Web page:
A slew of postcards, YouTube videos and mailed invitations drew President Obama to Angel Stadium in Anaheim, where he was to deliver the commencement speech at UC Irvine's 50th anniversary ceremony on Saturday.
The presence of the commander-in-chief attracted a mob of proud relatives and protesters, making for a mixture of elation and agitation among the nearly 15,000 people in and around Angel Stadium for the noontime speech.
“This is a once-in-a-life-time event; you don’t get to see the president every day," said Martin Kou, 27, whose brother Abrahim was among the graduates.
Obama is not scheduled to speak at any other graduation ceremonies this year, according to the White House, and his remarks signal the third time a UC ceremony has earned the attention of the chief executive's household.
President Lyndon B. Johnson attended the campus dedication in 1964 and, after a recruiting blitz that included Valentine's Day postcards, First Lady Michelle Obama spoke at UC Merced's commencement in 2009.
UC Irvine spent roughly $2 million on the anniversary ceremony, and urged students to personally recruit the president with video invitations. In one, 7-foot-6 freshman basketball player Mamadou Ndiaye appealed to the president's affinity for hoops, staring directly into the camera while towering over a cardboard cutout of Obama.
"Mr. President, we should play ball together," Ndiaye said.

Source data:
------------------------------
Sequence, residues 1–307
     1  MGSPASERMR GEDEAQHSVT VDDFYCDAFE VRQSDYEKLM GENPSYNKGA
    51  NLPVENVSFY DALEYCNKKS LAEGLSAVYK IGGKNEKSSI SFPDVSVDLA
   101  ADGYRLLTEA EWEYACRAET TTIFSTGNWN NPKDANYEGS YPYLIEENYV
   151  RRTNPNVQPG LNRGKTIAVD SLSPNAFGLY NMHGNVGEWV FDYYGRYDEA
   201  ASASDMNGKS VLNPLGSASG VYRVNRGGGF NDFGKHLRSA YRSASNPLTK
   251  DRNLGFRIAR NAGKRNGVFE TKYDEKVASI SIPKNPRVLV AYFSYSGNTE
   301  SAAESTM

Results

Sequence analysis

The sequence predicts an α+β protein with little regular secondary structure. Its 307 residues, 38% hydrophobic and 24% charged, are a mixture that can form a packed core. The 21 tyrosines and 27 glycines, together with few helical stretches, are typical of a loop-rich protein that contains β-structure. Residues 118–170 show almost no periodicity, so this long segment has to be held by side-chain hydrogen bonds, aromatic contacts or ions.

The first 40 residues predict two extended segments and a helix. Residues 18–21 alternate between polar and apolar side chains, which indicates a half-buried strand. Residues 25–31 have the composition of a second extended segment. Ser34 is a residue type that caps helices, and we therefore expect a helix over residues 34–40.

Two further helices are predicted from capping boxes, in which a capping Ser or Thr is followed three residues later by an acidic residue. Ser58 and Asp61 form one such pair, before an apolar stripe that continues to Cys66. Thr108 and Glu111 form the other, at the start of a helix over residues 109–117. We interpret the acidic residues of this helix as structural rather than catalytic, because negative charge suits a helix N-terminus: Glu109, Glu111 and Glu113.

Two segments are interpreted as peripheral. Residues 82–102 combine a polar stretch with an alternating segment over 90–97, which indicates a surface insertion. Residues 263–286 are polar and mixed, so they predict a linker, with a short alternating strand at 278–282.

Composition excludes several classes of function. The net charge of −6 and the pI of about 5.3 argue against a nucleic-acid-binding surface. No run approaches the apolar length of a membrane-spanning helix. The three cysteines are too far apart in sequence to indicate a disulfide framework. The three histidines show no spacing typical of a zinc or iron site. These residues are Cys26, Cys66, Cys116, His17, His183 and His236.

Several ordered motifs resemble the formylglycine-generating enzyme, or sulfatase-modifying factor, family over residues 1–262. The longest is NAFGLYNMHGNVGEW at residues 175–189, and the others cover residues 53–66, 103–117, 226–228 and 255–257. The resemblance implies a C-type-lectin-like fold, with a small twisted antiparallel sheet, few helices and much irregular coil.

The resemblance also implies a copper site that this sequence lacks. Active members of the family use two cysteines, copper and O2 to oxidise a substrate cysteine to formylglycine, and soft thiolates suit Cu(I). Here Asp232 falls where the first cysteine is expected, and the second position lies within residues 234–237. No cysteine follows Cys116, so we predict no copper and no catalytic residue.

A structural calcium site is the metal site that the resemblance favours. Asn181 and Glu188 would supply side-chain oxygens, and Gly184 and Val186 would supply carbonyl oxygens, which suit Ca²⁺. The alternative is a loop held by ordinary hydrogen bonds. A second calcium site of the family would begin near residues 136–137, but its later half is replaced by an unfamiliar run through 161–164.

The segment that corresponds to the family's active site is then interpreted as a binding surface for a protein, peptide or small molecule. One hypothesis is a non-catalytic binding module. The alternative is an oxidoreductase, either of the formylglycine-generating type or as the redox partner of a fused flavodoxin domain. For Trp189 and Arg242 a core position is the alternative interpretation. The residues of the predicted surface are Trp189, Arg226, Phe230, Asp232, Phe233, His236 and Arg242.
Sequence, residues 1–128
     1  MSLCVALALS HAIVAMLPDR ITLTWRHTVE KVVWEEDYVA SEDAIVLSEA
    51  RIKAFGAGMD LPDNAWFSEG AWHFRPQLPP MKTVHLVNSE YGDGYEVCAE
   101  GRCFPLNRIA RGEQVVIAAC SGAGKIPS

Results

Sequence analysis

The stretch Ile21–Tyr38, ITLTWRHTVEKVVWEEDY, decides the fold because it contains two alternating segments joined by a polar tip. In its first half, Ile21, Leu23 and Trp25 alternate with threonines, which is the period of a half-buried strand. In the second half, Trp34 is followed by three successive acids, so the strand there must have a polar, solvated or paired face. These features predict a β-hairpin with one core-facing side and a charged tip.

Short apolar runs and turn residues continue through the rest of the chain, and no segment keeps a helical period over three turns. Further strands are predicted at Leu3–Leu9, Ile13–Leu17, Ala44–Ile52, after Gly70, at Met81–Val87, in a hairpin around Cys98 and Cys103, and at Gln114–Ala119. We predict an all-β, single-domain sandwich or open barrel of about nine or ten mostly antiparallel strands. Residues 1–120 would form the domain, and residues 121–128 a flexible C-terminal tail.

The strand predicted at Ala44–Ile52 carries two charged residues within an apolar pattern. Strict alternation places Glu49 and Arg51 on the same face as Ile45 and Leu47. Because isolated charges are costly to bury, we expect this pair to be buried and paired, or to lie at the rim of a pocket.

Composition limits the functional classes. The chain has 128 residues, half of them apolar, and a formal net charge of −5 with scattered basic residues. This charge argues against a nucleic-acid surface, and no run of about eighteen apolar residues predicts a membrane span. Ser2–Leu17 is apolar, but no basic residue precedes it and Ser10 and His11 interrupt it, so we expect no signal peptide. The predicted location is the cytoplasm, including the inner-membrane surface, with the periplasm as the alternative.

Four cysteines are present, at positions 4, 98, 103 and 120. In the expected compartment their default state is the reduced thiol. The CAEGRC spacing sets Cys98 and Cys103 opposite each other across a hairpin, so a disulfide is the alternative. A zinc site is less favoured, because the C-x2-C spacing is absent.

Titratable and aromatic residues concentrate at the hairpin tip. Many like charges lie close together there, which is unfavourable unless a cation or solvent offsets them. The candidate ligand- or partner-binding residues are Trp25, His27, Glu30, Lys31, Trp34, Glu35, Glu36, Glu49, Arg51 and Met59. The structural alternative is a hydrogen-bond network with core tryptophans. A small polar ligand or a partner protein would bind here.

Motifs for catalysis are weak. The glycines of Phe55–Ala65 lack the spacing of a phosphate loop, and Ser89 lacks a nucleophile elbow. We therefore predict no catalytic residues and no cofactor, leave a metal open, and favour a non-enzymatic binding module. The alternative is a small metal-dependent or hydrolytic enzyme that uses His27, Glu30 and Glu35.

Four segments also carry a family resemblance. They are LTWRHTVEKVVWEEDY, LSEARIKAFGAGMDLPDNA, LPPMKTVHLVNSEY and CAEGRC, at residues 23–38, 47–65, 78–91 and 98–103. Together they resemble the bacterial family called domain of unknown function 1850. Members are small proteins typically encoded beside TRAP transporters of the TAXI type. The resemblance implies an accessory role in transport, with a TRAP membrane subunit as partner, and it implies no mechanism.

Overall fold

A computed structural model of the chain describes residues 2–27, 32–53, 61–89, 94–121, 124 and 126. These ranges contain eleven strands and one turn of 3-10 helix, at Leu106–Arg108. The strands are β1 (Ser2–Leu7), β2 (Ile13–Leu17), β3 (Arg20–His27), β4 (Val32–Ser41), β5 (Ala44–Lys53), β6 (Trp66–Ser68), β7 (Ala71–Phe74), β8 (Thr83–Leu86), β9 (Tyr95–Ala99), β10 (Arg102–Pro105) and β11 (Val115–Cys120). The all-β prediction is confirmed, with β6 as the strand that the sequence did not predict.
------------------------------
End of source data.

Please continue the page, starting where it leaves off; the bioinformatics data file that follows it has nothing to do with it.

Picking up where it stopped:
James McGaugh, an 82-year-old neurology professor at the university, said he was probably the only faculty member who can say he was and for Johnson's visit in 1964 and witnessed Obama's remarks Saturday.
He noted the change in times between the two presidential appearances. In 1964, marksmen dotted the roofs of half-constructed campus buildings. On Saturday, air traffic was restricted in a 13-mile radius surrounding the stadium.
Outside Angel Stadium, a few dozen protesters lined the streets to voice opposition to the administration's policies on deportation and drone strikes in the Middle East. One group was draped in all black with their faces covered chanting "No border. No nation. No more deportation."
“We’re against deportation, the prison industrial complex, drones perpetuating the police state and killing people in other countries, the illegal taking of Tongva ancestral lands, racism and many other things," said a spokesman for the group who identified himself only as Amaru.
Inside the stadium the mood was more jovial, with parents flocking to souvenir stands to buy $5 copies of graduation programs emblazoned with the president's picture.
“I could not be prouder,” said Donya Saber, whose daughter Sara was among the day's graduates.
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